|African elephant (Loxodonta africana) in Tanzania|
Males of the African Bush Elephant can grow to 3.64 meters (12 feet) tall at the shoulder and weigh 5455 kg (12,000 lbs). It is the largest living elephant. Females may reach 3 meters (10 feet) and weigh 3636 kg to 4545 kg (8,000 to 10,000 lbs).
Teeth[change | edit source]
At any one time, elephants have one molar in each jaw bone (two upper, two lower). Each weighs about 11 lbs and measures about 12 inches long. As they wear away at the front, new molars emerge in the back of the mouth and gradually replace the old ones. Elephants replace their teeth six times. If it survives to 60 years of age the elephant no longer has teeth and will die of starvation.
Their tusks are also teeth, the second set of upper incisors become the tusks. They are used for digging for roots and stripping the bark off trees for food, and, fighting each other during mating season, or defending themselves against predators. They weigh from 50-100 pounds and may be from 5 to 8 feet long. However, a result of poachers killing elephants with the biggest tusks has been a survivor population with much smaller tusks. Both bulls and cows have tusks.
Species[change | edit source]
- Loxodonta adaurora, extinct, presumed antecedent of the modern African elephants.
- African Bush Elephant (Loxodonta africana).
- African Forest Elephant (Loxodonta cyclotis).
Bush and forest elephants are nowadays generally considered to be two distinct species. The African Forest Elephant has a longer and narrower mandible, rounder ears, a different number of toenails, straighter and downward tusks, and considerably smaller size. With regard to the number of toenails: the African Bush Elephant normally has 4 toenails on the front foot and 3 on the hind foot, the African Forest Elephant normally has 5 toenails on the front foot and 4 on the hind foot (like the Asian elephant). Hybrids between the two species do occur.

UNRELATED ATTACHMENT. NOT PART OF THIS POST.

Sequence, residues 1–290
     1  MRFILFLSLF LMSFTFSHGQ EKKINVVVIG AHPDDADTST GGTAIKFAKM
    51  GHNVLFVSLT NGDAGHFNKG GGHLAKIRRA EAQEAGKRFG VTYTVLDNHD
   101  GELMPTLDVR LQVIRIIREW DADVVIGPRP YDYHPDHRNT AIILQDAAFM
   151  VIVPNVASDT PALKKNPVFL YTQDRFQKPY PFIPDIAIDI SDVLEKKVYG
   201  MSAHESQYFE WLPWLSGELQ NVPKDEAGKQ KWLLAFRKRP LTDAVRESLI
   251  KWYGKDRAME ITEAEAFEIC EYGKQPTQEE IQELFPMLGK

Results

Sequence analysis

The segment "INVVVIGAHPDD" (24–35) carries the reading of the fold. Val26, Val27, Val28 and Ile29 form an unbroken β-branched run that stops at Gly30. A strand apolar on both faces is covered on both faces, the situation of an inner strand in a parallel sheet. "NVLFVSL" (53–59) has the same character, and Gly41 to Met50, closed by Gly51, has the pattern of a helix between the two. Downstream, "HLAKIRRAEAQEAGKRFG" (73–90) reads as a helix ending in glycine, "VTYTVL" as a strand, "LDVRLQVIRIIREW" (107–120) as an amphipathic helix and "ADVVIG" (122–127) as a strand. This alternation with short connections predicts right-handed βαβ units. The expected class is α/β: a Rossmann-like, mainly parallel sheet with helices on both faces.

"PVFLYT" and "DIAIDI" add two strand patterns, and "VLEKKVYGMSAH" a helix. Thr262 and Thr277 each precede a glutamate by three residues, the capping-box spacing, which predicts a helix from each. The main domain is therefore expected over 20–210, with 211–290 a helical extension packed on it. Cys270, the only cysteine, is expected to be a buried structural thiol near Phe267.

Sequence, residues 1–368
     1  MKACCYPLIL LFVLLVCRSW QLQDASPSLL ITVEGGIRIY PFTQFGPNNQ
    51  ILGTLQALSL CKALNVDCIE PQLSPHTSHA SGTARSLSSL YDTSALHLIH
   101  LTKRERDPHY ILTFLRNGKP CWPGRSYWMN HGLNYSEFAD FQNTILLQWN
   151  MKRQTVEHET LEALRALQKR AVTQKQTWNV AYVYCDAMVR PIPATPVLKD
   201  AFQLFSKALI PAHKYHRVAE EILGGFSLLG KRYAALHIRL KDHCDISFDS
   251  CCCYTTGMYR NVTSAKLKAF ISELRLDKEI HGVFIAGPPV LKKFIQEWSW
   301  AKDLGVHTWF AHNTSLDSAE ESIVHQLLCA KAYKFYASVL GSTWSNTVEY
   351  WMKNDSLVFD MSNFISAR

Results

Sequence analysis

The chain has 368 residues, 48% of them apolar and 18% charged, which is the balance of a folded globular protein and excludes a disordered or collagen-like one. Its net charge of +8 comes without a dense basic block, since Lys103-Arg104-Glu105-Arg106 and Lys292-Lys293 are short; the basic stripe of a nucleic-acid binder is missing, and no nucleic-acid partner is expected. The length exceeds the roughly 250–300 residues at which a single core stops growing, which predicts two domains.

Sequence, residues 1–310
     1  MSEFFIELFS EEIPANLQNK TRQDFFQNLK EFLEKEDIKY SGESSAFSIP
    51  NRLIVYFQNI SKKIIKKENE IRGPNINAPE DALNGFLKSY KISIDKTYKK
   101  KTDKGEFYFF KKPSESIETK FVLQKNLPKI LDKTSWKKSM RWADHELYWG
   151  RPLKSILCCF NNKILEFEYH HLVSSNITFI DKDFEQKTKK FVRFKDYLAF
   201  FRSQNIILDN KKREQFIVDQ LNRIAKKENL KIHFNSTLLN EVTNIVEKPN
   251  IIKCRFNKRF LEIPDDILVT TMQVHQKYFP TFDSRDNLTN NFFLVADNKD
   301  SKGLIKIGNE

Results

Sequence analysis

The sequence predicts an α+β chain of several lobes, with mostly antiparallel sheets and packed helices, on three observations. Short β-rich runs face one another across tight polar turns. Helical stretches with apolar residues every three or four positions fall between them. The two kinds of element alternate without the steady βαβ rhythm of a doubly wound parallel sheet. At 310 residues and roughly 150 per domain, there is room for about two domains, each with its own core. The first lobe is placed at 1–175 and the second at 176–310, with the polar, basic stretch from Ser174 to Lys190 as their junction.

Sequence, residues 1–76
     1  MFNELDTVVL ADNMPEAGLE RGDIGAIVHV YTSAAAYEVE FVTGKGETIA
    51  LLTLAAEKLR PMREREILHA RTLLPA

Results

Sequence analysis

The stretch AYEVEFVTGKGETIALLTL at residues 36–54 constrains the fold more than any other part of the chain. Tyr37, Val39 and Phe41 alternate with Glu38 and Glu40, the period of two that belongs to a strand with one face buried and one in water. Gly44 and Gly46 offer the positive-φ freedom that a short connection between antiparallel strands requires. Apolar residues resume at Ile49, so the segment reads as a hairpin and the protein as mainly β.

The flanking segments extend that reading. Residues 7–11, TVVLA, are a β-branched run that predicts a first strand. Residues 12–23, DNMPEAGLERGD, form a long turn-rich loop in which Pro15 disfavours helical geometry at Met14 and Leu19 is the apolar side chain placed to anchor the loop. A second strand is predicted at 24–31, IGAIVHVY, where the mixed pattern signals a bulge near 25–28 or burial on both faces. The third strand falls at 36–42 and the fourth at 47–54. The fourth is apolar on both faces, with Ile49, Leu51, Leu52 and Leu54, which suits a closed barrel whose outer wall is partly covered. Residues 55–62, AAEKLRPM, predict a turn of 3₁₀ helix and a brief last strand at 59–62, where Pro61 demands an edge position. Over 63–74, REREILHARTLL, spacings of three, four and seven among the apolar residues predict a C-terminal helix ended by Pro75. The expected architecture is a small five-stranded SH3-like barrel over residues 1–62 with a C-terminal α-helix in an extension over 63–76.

Conservation[change | edit source]
Poaching greatly reduced the population of elephants in Africa in the 20th century. In the eastern region of Chad, elephant herds were substantial as recently as 1970, with an estimated population of 400,000. However, by 2006 the number had dropped to about 10,000. The African elephant nominally has governmental protection, but poaching is a serious issue. 
People moving into or near areas where elephants occur naturally is a problem. There is research into methods of safely driving groups of elephants away from humans. Playing recorded sounds of angry honey bees is remarkably effective at prompting elephants to flee an area. Sometimes elephant communities have grown so large that culling was needed to sustain the ecosystem.
Gallery[change | edit source]
A breeding herd of elephants, entirely cows and young, in the Makuleke area of the Kruger Park, South Africa.
References[change | edit source]
- Laurson, Barry & Bekoff, Marc 1978. Loxodonta africana. Mammalian Species 92: 1–8. 
- Burnie D. 2001. Animal. London: Dorling Kindersley.
- Goudarzi, Sara (2006). "100 slaughtered elephants found in Africa". LiveScience.com. Archived from the original on 2007-06-28. http://www.livescience.com/animalworld/060830_chad_elephants.html. Retrieved 2006-08-31.
- Lucy E. King, Iain Douglas-Hamilton, Fritz Vollrath 2007. African elephants run from the sound of disturbed bees. Current Biology 17: R832-R833
- BBC: Elephant explosion triggers cull row